News Nosh 8.15.19

APN's daily news review from Israel
Thursday August 15, 2019
 
Quote of the day:
“We send our condolences to his family and to our friends in his yeshiva. As a group, we condemn such brutal actions; such violence hurts all of us. We build bridges between the peoples on this land and we hope that this tragedy will be the last.”
--Palestinian teens, who are members of a Jewish-Muslim interfaith forum that killed Israeli soldier Dvir Sorek was also a member of, wrote in a public letter.*

You Must Be Kidding: 
“Attempted infiltration of 56 illegal aliens into Israel was thwarted"
--This was the headline of a breaking news story on Maariv and Israel Hayom websites today. The story: About nine or 10 Palestinian families from the West Bank, 56 children, women and men, riding in a rented bus were making their way to an Israeli beach when they were stopped at an Israeli military checkpoint in E. Jerusalem and were searched and held because they did not have permits to enter Israel. The last sentence in the Maariv article reads: “In a search of the bus they found items of clothing and other findings that increased the suspicion that this was a group that was making its way to one of the Israeli beaches.” The driver, a resident of Tzur Baher (Palestinian village in E. Jerusalem) in his 20's, and all bus passengers, 56 children, women and men, were detained in transit for further investigation. (Maariv and Israel Hayom Hebrew)

Front Page:
Haaretz
Yedioth Ahronoth
  • The immunity dilemma - Attorney General: Indictment against Minister Haim Katz
  • Separation at the last minute
  • High Court’s self-goal // Ben-Dror Yemini
  • Look for the woman // Chen Artzi-Srur
Maariv This Week (Hebrew links only)
  • Celebration in separation - Court changed its decision and allowed Afula Municipality to hold performance in front of gender-separated audience
  • In the hands of the High Court - Requests to disqualify (far-right) Otzma Yehudit party and its candidates for Knesset was rejected
  • Attorney General: Minister Haim Katz will be indicted on fraud and breach of trust charges
  • CBS statistics show drop in percentage of marriages in Jewish sector
Israel Hayom
  • Investigation - The adoption files oversight - “They erased my soul”: This is how the authorities keep information from adopted children about their parents
  • In the middle of a performance: The (gender) separation was cancelled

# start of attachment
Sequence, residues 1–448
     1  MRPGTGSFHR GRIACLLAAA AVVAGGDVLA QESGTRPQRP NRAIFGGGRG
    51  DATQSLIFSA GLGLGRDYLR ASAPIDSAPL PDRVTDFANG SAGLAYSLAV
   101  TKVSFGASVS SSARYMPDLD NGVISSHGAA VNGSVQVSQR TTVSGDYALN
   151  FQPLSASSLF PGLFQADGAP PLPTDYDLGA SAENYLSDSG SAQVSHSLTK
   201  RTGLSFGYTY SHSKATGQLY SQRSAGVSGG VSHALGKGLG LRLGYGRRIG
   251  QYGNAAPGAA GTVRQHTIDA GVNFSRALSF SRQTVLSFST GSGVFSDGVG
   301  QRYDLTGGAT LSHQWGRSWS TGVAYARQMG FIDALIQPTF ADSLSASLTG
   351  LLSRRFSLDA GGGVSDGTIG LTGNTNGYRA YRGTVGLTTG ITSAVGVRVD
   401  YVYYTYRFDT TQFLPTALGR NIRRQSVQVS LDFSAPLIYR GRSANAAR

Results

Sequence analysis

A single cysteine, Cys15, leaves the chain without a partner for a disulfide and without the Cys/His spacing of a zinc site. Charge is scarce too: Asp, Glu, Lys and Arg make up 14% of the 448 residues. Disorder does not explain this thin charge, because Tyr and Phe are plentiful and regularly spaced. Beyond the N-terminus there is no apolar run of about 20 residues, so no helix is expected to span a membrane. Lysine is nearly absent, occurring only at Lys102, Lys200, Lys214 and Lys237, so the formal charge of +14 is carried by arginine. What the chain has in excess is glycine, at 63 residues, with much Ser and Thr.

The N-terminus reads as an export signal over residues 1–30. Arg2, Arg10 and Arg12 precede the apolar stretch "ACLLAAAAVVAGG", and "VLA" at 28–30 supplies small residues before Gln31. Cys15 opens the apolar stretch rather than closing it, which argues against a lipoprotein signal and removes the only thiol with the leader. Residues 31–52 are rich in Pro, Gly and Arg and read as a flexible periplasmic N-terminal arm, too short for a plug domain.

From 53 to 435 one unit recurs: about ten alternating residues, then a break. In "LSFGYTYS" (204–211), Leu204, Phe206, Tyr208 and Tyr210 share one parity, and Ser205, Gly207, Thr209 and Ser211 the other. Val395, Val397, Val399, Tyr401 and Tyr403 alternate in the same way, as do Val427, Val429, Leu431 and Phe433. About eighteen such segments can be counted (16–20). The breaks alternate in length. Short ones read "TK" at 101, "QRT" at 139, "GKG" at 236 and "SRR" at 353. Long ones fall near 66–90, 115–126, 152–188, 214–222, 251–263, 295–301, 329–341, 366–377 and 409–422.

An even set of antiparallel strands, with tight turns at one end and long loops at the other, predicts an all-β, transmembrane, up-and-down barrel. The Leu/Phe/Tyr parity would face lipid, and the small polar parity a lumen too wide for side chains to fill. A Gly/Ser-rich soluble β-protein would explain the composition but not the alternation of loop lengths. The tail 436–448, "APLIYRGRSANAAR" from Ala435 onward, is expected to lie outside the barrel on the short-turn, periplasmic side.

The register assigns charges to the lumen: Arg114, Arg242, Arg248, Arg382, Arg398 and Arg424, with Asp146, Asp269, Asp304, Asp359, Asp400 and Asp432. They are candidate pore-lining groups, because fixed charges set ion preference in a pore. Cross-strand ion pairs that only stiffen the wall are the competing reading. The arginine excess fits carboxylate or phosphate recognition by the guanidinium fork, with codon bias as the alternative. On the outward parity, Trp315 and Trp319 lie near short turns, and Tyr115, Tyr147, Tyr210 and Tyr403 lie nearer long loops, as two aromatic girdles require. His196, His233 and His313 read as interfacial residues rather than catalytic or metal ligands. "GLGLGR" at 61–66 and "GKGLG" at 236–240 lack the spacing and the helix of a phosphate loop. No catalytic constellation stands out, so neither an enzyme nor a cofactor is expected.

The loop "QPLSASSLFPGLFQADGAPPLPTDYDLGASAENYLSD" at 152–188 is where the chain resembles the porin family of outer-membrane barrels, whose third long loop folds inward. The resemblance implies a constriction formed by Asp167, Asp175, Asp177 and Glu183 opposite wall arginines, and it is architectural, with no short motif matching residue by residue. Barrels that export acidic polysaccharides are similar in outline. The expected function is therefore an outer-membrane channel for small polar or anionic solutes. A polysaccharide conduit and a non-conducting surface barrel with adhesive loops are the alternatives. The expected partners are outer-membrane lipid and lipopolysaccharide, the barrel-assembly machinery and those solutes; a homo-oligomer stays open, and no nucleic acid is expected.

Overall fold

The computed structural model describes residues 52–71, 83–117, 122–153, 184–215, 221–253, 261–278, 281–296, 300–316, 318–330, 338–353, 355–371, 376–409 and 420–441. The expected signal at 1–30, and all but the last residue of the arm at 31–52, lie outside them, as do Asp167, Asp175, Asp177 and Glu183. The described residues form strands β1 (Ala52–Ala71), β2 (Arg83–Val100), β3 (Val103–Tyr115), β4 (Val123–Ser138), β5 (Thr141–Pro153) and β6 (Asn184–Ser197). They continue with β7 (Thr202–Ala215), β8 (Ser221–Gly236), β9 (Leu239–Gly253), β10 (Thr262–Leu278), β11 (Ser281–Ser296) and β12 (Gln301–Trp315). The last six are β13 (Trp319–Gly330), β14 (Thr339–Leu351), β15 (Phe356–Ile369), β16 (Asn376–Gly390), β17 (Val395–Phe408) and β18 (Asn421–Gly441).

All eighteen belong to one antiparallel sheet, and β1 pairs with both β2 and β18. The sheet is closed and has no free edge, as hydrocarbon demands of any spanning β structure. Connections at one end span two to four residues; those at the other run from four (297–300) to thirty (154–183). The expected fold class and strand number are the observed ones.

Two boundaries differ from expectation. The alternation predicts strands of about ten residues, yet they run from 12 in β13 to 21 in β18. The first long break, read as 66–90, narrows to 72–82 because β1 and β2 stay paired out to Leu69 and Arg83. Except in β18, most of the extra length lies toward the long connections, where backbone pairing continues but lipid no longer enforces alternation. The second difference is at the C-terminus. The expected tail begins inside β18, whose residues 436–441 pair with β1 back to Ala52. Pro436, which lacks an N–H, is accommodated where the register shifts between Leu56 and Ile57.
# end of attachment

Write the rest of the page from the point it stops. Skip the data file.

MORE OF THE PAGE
• Israeli pluralism stops in everything connected to the ultra-Orthodox sector // Hanani Bleich
  • Social Welfare Minister goes on trial; Haim Katz: Considering asking for immunity
  • Assessment: The anti-Semitic female members of Congress will arrive in Israel in the next few days


Top News Summary:
Israel’s Welfare Minister, Haim Katz, is expected to resign and is considering asking the Knesset for immunity after the Attorney General decided to indict Katz for fraud and breach of trust and the High Court overruled a district court decision to allow the Afula municipality host a gender-separated concert in a municipal park - but only after the performance began. And the latest on the 'provocative arrival' of the US Congresswomen.

According to Yedioth, Minister Katz will likely resign if the Knesset does not give him immunity and history has shown that the absolute majority of indicted MKs who asked for immunity from the Knesset did not receive it. Moreover, the attorney general will instruct Israeli Prime Minister Binyamin Netanyahu to fire Katz if he fails to resign. Interestingly, Yedioth wrote that the situation puts Netanyahu in a tricky position. As prime minister, he must act in this case and possibly fire Katz. On the other hand, as a suspect himself in criminal cases, any remark Netanyahu makes in Katz’s case could complicate him if he finds himself in a similar situation to Katz after the attorney general rules in his cases.

The papers wrote that when religious singer Motti Steinmetz came onstage to perform before the gender-separated audience in Afula, he thanked G-d, the ultra-Orthodox Interior Minister and leader of the Shas party, Arieh Dery, and Afula mayor Avi Elkabetz. But actually, he should have thanked the Arab judge who allowed it. Nazareth District Court Judge Attif Ailabouni proposed the solution, according to which, the event was separated into three wings instead of the previously banned two: one seating area for women, one for men - and a third for mixed seating.
Haaretz had a reporter at the concert who told an interesting story about what happened. But after the performance began, the High Court disqualified Judge Ailabouni’s decision. However, it was too late and the show continued on, gender-separation and all.

Also, the papers reported that Israel was preparing for “provocative” arrival (Yedioth) of the female members of Congress, Rashida Tlaib and Ilhan Omar. ‘Israel Hayom’s’ headline labeled the women as the “anti-Semitic female members of Congress.” But meanwhile, Netanyahu is considering backtracking on his decision to allow them in, and is now considering banning them from entering after US President Donald Trump expressed his displeasure. The original consideration for banning them was over their support for boycotting Israel.

Elections 2019 Top Story:
In election news, Israel’s Elections Commission allowed a Kahanist party and its two Kahanist candidates to run for Knesset. After a stormy debate in which the Commission’s head, Judge Hanan Melcer, closed MK Stav Shafir’s microphone and had her removed from the podium, the petition to bar Otzma Yehudit failed to secure a majority vote because a Labor member and his replacement were absent from the session. But the final decision will be made by the High Court.